Michael Ignatieff says thank you

The last time Michael Ignatieff addressed a Liberal convention, he had just won the party leadership. I was backstage, watching his speech scroll by on the teleprompter.

“Friends,” he said that day, “I am confident that if we offer our fellow citizens a message of hope, they will ask us to form their next government.”

In the end, our fellow citizens weren’t quite on the same page. But Michael Ignatieff is still hopeful.

“Bottom line message: rumours of the death of the Liberal Party are slightly exaggerated,” he told Anonymous Liberal Sources this afternoon.

Tonight, he’ll thank the party he once led. It’s a reversal of tradition; the party usually thanks the leader, not the other way around.

“You spend six years with people, you meet thousands of people across the country,” Ignatieff told us. “This is a volunteer organization and you want to thank the people who got you there.”

But first, he’ll show a video—a series of clips of the former leader describing the Liberal vision for Canada. You’ll hear “what we stood for, what we believe, what we’ve always stood for, what we’ve always believed,” he says. It will be Ignatieff’s final retort to those who say the Liberal Party did not stand for anything under his leadership.

When he speaks, he’ll be surrounded by young people—part of a new generation whom he calls “the future of the party.”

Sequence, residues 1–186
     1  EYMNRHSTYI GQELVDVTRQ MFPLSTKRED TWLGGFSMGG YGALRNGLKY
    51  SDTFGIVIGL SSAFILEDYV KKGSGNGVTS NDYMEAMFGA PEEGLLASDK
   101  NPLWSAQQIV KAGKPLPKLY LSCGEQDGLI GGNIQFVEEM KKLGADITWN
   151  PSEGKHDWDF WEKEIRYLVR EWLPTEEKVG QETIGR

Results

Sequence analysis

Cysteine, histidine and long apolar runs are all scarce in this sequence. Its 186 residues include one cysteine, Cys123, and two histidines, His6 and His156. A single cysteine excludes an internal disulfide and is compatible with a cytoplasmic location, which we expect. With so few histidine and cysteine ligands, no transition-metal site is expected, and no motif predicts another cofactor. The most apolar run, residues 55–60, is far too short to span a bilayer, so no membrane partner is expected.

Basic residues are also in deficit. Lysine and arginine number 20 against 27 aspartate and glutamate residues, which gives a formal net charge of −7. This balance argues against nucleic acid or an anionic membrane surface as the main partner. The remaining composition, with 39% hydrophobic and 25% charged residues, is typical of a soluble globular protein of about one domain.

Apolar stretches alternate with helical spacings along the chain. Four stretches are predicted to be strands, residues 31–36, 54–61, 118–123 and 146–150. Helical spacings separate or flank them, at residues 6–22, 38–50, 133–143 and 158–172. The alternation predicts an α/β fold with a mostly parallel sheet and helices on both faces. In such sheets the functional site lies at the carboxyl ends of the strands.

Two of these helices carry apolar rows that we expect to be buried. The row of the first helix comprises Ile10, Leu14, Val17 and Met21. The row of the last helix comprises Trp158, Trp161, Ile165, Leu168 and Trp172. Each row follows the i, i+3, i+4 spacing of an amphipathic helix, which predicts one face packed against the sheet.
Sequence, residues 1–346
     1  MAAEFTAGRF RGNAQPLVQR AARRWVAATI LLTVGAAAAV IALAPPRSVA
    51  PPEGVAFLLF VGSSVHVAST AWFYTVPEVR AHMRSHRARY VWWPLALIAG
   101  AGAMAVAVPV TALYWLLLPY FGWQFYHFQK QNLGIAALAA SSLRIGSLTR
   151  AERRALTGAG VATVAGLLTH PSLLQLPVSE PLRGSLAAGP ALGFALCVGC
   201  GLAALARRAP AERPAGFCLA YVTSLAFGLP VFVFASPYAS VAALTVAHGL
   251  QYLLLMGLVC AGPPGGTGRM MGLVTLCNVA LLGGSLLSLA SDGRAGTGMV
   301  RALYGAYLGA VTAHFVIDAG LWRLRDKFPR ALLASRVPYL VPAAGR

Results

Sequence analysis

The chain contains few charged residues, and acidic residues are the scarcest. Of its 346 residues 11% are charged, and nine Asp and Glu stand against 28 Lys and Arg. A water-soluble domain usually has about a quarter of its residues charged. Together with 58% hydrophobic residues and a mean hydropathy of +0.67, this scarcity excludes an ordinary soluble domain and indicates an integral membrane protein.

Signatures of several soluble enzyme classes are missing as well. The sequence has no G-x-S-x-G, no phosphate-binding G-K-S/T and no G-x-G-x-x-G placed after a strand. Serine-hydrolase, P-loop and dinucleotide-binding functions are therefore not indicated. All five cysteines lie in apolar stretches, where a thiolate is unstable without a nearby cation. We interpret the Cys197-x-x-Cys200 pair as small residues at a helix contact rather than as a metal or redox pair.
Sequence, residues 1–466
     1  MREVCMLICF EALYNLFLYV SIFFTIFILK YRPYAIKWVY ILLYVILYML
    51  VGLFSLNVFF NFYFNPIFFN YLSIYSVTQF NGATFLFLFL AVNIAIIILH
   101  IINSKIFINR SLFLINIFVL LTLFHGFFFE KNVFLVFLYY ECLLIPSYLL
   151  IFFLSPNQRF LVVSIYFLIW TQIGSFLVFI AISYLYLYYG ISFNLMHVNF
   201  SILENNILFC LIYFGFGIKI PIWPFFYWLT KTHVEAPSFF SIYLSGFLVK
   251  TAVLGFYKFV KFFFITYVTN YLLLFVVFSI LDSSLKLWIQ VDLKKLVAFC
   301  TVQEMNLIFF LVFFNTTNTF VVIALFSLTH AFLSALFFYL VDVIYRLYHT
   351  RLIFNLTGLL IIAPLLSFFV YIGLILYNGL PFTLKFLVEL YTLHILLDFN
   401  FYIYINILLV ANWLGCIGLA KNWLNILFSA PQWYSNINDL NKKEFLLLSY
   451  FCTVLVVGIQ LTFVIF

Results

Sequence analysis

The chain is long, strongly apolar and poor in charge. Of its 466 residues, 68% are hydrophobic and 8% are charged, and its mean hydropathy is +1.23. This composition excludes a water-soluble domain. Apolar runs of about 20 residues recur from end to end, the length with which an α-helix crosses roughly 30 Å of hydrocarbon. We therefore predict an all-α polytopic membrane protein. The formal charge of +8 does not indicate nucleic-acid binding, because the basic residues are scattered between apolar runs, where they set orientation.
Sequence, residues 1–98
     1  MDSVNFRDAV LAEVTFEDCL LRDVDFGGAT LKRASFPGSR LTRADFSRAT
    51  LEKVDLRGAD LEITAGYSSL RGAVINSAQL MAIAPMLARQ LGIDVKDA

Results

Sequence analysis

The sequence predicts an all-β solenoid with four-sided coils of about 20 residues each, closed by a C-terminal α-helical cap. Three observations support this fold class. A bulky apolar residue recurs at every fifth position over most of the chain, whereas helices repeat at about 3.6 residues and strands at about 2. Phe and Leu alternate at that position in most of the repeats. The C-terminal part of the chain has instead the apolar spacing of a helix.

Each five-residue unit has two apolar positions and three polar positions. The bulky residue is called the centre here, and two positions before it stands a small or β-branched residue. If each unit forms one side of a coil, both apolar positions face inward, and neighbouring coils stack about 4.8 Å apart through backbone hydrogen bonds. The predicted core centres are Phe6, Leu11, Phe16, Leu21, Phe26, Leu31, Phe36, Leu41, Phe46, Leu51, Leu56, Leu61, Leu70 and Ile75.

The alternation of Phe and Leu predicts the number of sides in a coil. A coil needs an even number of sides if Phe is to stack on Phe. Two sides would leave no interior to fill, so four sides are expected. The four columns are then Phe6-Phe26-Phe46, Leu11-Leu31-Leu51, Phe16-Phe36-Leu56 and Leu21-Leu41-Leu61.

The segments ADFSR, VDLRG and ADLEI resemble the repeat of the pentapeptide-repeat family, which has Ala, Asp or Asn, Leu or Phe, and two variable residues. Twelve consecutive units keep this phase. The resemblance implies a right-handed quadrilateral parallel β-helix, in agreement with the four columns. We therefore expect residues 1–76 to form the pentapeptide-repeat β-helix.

“The party needs to remember that the future is in the room,” he told us. Then he spoke to Jordan and me directly. “You got into politics 5 or 6 years ago, sometimes for the first time in your life for any political cause, and you’re still here. That’s how the future of the Liberal Party is going to get built. I want to thank you for coming in and tell you to stay. Pretty simple.”

He plans to heed his own message. “People say, ‘what’s it like to be out of politics?’ But I’m not out of politics. You’re never out of politics. I’m a writer, I’m a teacher, I’m a citizen, I’m a member of this party. I use every single platform I’ve got to advance the values I’ve advanced all my life: small-L liberal values. It’s what I do. So I’m not going anywhere.”

But what exactly Ignatieff will say this evening is anyone’s guess. There won’t be a teleprompter in sight. His plan: “ignore those speechwriters”—thanks, boss—“and just let it go.” But he warns, “I’m rusty as hell. So we’ll have to see.”

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